Policemen in School Corridors?
In late 1948, New York City School Superintendent William Jansen authorized investigations of teachers suspected of radical communist leanings, among them Abraham Lederman who served as president of the city’s radical, activist Teachers’ Union.
Lederman and his union criticized Jansen and the Board of Education on many issues, including alleged racism in textbooks, and especially an article by Superintendent Jansen which asserted that “the native people of Africa, who belong to the Negro race, are very backward.” The Teachers’ Union published materials on African American history and the struggle for school integration.
Policemen in School Corridors?
US News and World Report, December 5, 1957, pg. 94.
“Juvenile crime in New York public schools now becomes so serious that a grand jury wants to put police inside each school. “Blackboard jungles,” mostly in Negro and Puerto Rican areas, give most difficulty. Crime complaints exceed 2,100 this year. Must schools be policed? A top official says: “We do not want a Little Rock in New York City.” Yet trouble is mounting.
New York City — Serious trouble in the public schools of the nation’s largest city broke into the open last week, with a recommendation for drastic action. Delinquency of all kinds has been growing, with 1,280 arrests made on New York school grounds thus far during the year. These had been for offenses ranging from petty thievery to rape and murder.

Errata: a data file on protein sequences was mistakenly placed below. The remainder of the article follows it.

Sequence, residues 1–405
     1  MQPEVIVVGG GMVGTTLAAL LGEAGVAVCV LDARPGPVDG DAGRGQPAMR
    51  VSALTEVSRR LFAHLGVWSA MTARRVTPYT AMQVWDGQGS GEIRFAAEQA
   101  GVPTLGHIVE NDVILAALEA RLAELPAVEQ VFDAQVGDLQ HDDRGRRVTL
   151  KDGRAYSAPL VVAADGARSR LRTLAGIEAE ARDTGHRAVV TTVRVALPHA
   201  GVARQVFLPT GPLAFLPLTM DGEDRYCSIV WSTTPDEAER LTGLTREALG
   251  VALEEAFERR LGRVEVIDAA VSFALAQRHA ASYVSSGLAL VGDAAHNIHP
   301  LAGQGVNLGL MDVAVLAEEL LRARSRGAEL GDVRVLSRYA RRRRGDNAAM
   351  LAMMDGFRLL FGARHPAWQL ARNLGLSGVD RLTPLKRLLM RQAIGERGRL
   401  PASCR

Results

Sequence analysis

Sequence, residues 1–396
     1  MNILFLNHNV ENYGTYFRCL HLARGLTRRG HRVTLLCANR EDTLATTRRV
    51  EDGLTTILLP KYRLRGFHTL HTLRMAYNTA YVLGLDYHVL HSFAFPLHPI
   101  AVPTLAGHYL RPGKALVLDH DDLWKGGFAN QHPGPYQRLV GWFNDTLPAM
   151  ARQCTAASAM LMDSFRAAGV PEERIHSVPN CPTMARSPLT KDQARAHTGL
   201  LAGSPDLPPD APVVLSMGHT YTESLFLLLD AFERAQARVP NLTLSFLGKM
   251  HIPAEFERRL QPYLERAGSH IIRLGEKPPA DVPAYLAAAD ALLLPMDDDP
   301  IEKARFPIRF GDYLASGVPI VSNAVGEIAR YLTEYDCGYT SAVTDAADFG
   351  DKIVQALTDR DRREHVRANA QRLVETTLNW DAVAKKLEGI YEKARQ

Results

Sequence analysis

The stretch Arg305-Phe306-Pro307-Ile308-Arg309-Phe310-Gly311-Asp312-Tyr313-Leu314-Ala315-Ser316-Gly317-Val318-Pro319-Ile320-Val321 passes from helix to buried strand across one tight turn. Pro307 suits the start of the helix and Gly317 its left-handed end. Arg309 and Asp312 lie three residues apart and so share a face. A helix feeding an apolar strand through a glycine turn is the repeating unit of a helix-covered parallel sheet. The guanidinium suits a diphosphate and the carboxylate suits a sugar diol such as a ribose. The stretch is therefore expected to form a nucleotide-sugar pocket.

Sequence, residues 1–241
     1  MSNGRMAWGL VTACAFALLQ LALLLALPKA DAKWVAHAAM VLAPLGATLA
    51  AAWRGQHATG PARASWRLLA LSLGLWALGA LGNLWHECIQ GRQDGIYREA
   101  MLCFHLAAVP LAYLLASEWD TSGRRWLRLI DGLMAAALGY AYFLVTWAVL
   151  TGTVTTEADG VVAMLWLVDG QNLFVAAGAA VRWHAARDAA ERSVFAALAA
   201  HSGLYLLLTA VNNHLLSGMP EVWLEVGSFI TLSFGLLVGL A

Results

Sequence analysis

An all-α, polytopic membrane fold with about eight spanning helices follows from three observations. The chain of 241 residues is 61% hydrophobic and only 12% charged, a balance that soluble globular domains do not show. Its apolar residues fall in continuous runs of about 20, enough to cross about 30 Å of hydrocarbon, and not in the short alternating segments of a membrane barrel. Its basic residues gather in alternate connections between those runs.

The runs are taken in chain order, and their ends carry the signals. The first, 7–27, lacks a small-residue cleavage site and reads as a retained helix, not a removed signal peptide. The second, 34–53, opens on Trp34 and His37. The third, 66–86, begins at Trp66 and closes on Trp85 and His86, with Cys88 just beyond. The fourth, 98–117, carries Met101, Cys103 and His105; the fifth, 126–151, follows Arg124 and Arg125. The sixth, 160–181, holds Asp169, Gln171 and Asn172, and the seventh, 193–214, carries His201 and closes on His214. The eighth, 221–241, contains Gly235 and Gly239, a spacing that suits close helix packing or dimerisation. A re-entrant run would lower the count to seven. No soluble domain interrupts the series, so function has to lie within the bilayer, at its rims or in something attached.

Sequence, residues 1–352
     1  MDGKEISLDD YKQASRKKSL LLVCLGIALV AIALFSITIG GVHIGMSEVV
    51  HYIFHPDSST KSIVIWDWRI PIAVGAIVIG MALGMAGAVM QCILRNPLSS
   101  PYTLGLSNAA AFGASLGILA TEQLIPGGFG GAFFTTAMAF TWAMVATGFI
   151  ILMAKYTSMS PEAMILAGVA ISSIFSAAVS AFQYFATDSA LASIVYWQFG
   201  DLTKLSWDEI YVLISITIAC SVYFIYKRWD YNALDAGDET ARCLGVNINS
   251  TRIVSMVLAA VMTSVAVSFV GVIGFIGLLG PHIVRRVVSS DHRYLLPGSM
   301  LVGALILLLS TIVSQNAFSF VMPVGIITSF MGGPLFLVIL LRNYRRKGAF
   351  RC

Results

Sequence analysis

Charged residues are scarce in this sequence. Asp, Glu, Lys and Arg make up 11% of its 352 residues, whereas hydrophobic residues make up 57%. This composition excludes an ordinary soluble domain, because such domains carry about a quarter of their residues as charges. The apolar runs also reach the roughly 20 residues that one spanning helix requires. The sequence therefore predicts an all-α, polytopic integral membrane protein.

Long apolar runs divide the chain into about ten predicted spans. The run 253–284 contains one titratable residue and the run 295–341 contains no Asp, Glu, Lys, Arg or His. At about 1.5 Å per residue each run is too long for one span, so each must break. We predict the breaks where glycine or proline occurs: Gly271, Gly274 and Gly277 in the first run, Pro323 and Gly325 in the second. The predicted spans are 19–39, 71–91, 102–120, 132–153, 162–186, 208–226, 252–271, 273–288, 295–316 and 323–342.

A special grand jury, investigating lawlessness in Brooklyn’s public schools, came up on November 25 with this terse recommendation: “Be it resolved that the grand jury proposes an interim recommendation, based on testimony heard from witnesses to date.
The grand jury recommends that a uniformed New York City policeman be assigned to all schools throughout the city to patrol the corridors, the stairways and the recreation yards as a preventive measure.”
Reaction to this proposal to keep police inside of New York schools was swift. New York’s Superintendent of Schools, William Jansen, called it “unthinkable.” He added, “We do not want a Little Rock in New York City.” “When the schools need police help, they get it promptly and efficiently,” Dr. Jensen said.
Nevertheless, there was agreement that the situation in the city’s public schools was serious and close to being out of hand. Discussions between police and school officials on the problem of providing adequate police protection to the public schools has been underway for some time.
The judge who presided over the grand jury’s investigation [said that] “grand jury has evidence before it to establish that conditions are alarming and that the school authorities have been utterly incapable of coping with the situation.”
Most of these “difficult” schools, as listed by the city’s Board of Education, are situated in predominantly Negro and Puerto Rican neighborhoods. Student “achievement levels” there are generally far below the average for the city. Discipline often is a major problem.
Teachers are reported to be frequently defied by pupils and, in some instances, to be threatened with physical harm by gang members who invade the classrooms. The facts now coming to light about New York’s school problem indicate that troubles here run deep. Serious school problems, it appears, is not confined to the South.”
(Policemen in School Corridors? US News and World Report, December 5, 1957, pg. 94)